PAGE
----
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PEST CONTROL


PREVENTATIVE MEASURES


While the flooding that has hit the north of England finally appears to be subsiding, David Cross, Head of Technical Training at Rentokil Pest Control, offers some advice for those wanting to avoid any flood-related pest infestations.


As the clean-up effort continues in the north of Britain following the devastating storms Desmond and Eva, residents and businesses should be aware of the increased pest and rodent risks as a result of the extreme weather conditions. Floods in particular can create a hotbed of pest-related issues that may go undetected initially. Without detection and treatment, these can escalate and become a significant source of damage in the future.


Floods displace a great number of pest species, most notably rats and mice. As their burrows and nests are destroyed, they often find their way into homes and businesses. This pest migration creates several short and long term risks, ranging from health issues to additional property damage. However, there are several things that homeowners and businesses can do during the flood clean-up to mitigate these risks.


WHY ARE PESTS AND RODENTS


DRAWN TO YOUR PROPERTY? While you’re counting the costs of the flood damage to your home or business, displaced rodents are on the hunt for their next nesting site. They are under constant threat from predators in the wild, and only feel safe when they have a place to hide. As a result, they are always searching for food, shelter and warmth – your property provides all of these.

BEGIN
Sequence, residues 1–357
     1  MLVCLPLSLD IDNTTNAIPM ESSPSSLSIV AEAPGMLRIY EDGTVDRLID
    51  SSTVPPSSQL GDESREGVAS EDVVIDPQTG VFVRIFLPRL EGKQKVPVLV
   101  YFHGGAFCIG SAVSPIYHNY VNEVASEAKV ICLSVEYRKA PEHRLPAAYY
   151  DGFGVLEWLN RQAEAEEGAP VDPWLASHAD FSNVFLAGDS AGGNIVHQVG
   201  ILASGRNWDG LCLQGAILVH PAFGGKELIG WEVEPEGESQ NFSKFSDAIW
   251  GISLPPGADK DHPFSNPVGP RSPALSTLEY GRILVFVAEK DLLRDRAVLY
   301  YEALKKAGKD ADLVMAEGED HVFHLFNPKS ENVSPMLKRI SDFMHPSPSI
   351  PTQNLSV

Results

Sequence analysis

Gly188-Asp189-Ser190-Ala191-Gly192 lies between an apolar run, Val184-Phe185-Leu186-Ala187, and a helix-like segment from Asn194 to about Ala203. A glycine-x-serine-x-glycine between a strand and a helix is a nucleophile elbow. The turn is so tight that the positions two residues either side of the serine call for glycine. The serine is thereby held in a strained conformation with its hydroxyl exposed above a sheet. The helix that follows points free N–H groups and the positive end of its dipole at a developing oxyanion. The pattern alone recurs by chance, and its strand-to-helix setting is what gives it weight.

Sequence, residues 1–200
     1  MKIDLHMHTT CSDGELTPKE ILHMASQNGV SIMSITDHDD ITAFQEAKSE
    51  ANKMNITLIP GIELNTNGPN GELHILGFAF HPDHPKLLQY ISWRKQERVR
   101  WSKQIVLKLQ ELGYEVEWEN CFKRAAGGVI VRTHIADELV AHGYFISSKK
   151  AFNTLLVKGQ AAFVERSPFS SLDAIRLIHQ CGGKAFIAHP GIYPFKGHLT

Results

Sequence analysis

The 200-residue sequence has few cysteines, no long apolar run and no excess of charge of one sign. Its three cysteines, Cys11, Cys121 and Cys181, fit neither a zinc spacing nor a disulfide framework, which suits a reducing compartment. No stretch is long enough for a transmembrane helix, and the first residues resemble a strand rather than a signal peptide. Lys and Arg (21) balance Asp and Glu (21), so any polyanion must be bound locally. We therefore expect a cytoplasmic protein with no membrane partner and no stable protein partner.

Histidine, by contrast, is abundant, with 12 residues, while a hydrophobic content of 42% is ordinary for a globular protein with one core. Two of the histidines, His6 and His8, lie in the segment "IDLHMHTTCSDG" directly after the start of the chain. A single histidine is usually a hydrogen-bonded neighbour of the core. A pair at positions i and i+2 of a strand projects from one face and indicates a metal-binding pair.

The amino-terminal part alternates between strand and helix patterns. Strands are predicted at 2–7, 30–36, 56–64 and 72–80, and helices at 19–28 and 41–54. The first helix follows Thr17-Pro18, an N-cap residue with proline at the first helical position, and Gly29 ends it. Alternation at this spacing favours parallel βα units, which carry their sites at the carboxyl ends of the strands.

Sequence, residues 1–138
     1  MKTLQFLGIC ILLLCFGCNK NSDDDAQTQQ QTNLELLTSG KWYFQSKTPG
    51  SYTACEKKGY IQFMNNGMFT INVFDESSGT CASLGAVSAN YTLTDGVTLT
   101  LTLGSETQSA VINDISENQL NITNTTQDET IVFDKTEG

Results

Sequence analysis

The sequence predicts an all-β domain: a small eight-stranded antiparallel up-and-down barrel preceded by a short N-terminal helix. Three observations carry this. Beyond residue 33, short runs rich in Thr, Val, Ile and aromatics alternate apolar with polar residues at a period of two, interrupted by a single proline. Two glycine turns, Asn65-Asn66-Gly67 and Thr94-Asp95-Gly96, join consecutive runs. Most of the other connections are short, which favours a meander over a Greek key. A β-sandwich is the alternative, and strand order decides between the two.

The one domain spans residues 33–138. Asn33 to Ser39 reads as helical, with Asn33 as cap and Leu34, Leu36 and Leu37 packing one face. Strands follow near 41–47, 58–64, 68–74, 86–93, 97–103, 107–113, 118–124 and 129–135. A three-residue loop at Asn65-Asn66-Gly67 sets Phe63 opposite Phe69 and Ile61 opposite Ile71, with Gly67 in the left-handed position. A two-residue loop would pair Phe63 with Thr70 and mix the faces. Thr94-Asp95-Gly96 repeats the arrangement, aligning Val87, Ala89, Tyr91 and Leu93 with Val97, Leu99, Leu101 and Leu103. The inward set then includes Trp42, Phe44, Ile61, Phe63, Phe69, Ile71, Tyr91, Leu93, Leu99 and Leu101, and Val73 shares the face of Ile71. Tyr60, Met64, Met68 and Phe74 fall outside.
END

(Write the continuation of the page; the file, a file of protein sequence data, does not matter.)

PRACTICAL TIPS TO HELP


YOU AVOID AN INFESTATION Rodents are incredibly agile and can crawl, climb and squeeze themselves into the most unexpected places. For this reason, it’s imperative to undertake the following steps to help protect your property from an infestation:


44 | Tomorrow’s Cleaning February 2016 1


Seal any openings and proof your property


Mice are capable of squeezing through holes and cracks in your property that are as wide as a biro. They are also hardwired to gnaw on almost anything they can sink their teeth into, so will quite happily chew their way into your property from the smallest of gaps. More than a destructive hobby, gnawing is an evolutionary function for rats and mice. Their front teeth never stop growing, so gnawing helps them wear down their teeth to a more comfortable and manageable size. Be sure to check for holes or crevices in your property, such as cracks in masonry and gaps in doors, and fill them with caulk or steel wool. Be mindful that rodents can chew their way through almost anything, from plastic and wood to electrical wires.


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Check your plumbing Rats and rodents can navigate


their way into your property via sewers, through broken or faulty water pipes. All the extra water as a result of floods puts added strain on your property’s plumbing and guttering, as well as on the regional water infrastructure. Typically plumbing is hidden well out of view, so a pending problem may go unnoticed. It is a good idea to regularly, and particularly after flooding, check all your property’s plumbing, including drains, toilets, pipes and guttering, for any signs of blockages, cracks or faults.


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Ensure all food sources are out of reach


Pests will not wait for an invitation to tuck into any food items they find. While it may seem tempting to leave certain items out to allow your cupboards to dry, you could risk


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